Curators Madalynn Conkle and Julia Barrett started to kick around ideas for a Pride-themed art show last summer. But the concept didn't jell until January, when the pair connected with artist Niko Taylor, who helped co-curate “Knock Down, Drag Out,” .
“When we sat down, I was like, ‘If we’re going to do something for Pride, we really need to talk about how queer people are in danger, and how trans people are in danger right now,’” said Taylor, who joined Conkle and Barrett for an early June interview at the Franklinton art gallery. “These laws are a problem for our community, and maybe art can break open that dialogue.”
In recent months, the political climate has only worsened for the most vulnerable members of the LGBTQ+ community both across the country and in the state. Nazis and right-wing hate groups have become , most recently when members of the Nazi group Blood Tribe posted up outside of Land-Grant Brewing Company, just blocks from Wild Goose. And at the Statehouse, Republicans have continued to advance discriminatory laws, with that Republicans on Tuesday amended House Bill 8 – the “Parents’ Bill of Rights” – into more explicitly anti-LGBTQ+ legislation. H.B. 8 is just one of six bills targeting the LGBTQ+ community , with legislation aimed at everything from restricting trans health care to reshaping the education system.
“Knock Down, Drag Out,” which features 90+ pieces of art from more than 25 artists, along with opening night sets from drag performers and the wrestling group Art Clash, among others, confronts this ugly reality head-on. In one triptych, artist Kayla Lewis unfurls the human cost of this current wave of anti-LGBTQ+ legislation, quite literally connecting the lawmakers to the community members impacted, lines extending from their pens through a multiplying series of bodies. Other artists, such as Mary Ann Crago, adapted their art to the moment, with Crago pivoting to add a pencil and sharpener to her piece, inviting visitors to add their own reflections on the current climate to the surrounding wall space.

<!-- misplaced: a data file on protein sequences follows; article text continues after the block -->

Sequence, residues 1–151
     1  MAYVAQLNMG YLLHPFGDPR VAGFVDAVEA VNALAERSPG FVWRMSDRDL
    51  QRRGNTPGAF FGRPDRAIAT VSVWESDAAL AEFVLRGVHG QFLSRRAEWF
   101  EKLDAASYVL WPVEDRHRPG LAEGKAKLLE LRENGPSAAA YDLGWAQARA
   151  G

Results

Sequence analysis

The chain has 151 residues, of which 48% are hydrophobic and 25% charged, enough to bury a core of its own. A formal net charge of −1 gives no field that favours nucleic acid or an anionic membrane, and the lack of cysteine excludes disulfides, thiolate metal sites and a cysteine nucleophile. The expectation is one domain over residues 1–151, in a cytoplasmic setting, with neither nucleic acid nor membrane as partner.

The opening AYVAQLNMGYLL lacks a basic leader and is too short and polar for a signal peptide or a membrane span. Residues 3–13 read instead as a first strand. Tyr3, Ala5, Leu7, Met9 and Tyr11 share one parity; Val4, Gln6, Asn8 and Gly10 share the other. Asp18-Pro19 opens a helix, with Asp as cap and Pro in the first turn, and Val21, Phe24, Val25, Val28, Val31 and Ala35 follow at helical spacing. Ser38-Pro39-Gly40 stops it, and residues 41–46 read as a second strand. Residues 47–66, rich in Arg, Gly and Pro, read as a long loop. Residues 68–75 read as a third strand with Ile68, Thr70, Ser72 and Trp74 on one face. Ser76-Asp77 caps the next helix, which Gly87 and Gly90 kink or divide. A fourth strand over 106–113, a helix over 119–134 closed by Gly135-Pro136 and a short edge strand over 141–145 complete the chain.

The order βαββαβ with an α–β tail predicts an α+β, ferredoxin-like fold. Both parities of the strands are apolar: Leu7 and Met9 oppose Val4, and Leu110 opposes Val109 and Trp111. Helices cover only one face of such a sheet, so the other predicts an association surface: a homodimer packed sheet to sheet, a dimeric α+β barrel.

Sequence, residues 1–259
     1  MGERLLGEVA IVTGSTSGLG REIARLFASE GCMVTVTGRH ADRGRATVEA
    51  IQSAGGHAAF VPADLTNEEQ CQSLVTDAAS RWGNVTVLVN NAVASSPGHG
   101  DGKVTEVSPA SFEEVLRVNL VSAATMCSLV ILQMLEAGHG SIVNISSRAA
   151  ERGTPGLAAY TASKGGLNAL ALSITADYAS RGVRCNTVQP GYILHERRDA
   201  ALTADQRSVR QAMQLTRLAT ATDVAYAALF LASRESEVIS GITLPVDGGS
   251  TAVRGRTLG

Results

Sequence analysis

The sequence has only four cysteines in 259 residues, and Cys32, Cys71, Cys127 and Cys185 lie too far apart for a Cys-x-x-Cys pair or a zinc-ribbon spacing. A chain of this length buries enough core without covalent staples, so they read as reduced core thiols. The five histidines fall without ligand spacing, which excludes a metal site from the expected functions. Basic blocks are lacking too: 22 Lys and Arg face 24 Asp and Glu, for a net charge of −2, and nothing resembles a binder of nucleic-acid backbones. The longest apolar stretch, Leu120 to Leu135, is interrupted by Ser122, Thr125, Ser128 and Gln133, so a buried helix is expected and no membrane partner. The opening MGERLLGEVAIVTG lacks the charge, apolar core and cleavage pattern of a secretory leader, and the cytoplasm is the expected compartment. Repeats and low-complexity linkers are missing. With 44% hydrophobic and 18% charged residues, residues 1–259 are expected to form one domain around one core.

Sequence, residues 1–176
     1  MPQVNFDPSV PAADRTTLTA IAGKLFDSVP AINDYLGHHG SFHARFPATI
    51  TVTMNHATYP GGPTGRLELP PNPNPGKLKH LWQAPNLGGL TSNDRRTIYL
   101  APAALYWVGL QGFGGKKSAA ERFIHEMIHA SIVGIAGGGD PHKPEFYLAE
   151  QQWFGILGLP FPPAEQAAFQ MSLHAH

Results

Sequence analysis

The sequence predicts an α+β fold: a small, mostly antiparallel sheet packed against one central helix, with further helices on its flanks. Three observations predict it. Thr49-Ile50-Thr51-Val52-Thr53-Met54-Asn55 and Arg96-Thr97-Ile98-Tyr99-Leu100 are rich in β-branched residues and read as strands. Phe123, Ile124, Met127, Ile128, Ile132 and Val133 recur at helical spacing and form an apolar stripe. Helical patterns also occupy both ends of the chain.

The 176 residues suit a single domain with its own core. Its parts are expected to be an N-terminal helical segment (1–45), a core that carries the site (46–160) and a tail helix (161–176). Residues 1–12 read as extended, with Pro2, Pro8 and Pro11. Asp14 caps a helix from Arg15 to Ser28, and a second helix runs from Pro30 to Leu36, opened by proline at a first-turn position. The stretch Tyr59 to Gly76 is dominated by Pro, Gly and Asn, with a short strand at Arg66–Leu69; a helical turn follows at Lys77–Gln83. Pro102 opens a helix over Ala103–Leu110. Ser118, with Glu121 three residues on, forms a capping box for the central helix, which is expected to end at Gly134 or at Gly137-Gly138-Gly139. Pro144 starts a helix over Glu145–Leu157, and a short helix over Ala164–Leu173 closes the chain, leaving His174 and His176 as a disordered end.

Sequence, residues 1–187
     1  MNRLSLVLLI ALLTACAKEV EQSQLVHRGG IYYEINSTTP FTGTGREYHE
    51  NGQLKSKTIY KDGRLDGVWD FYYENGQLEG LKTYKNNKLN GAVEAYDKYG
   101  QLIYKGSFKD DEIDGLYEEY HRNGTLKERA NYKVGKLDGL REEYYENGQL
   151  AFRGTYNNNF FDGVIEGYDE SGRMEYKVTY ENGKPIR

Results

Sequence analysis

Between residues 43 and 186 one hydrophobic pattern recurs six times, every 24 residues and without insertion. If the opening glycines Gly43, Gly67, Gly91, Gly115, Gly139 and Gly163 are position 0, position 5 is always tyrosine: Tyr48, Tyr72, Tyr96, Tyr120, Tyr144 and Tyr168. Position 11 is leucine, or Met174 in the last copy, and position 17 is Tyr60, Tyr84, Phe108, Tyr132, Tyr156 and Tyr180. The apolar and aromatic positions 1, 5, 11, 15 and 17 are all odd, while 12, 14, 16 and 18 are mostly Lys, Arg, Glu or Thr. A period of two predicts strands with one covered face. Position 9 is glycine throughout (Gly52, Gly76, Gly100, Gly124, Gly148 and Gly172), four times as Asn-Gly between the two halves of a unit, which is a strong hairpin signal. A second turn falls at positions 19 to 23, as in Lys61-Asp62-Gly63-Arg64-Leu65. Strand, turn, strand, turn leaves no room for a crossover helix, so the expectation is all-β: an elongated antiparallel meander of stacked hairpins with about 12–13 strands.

“These laws are meant to scare people, and they increase suicide risk and deny access to health care – it’s a whole big thing,” said Taylor, who grew up a pastor’s kid in Fort Worth, Texas. “But hopefully, representation will inspire other queer artists and other queer people, and let them know, 'You are needed. We love you. We see you. And we have a space for you.' And hopefully that will inspire empathy in other people and in other groups, even if some will never get there.”
All three curators said they viewed Pride and Pride-affiliated events as going through a needed revitalization – one kicked off locally in 2017 when a group of majority-Black protesters stepped into the streets at Stonewall Columbus Pride, temporarily pausing the parade. The group, members of which became known as , aimed to raise awareness of the lack of space afforded Black and Brown members of the LQBTQ+ community at Pride events – and in particular its trans members – and to raise awareness of the 14 trans women of color who had been murdered in the United States up to that point in 2017.
“For me, Pride has definitely changed from when I was a baby bisexual woman to who I am now,” Barrett said. “When I first went to Pride, I wasn’t even out yet ... and it was like, ‘Oh, this is so fun! This is all about having fun!’ … And now we’re seeing [legislators] get rid of so many rights for trans folks and queer folks, and Pride is turning back to where it started as a riot, to when it was revolutionary."
Barrett said this more radical shift began to take root in the art world in 2016, coinciding with the rise of former President Donald Trump, who embraced the persecution of marginalized groups as a means of stoking support among his base. “And we started to see a lot of artwork become politicized,” Barrett said. “Even back then, the artists were saying, ‘Hey, just so you know, in the future we need to look out for this and this and this in our Pride community.’ … And we knew this because artists are also very engaged in activism and politics.”
While a bulk of the pieces in “Knock Down, Drag Out” take a more charged stance, there are other submissions meant to capture the courage and humanity sometimes lost in a community whose existence has become increasingly politicized.
“It’s really difficult, because I was just born this way, as anyone else was. But then I’m also an artist, so am I forced to talk about these things? And if I’m making art, is it all trans art?” Taylor said. “Some queer artists want to talk about their stories. And some don’t want to at all, and they just want to be an artist. With [this exhibit], we wanted to welcome artists, like, 'If you want to talk about these issues, you can. Or if you just want to come be celebrated as a queer person, you can.' Both are equally valid.”
Correction: A quote initially attributed to Madalynn Conkle was actually made by Julia Barrett. Matter News regrets the error.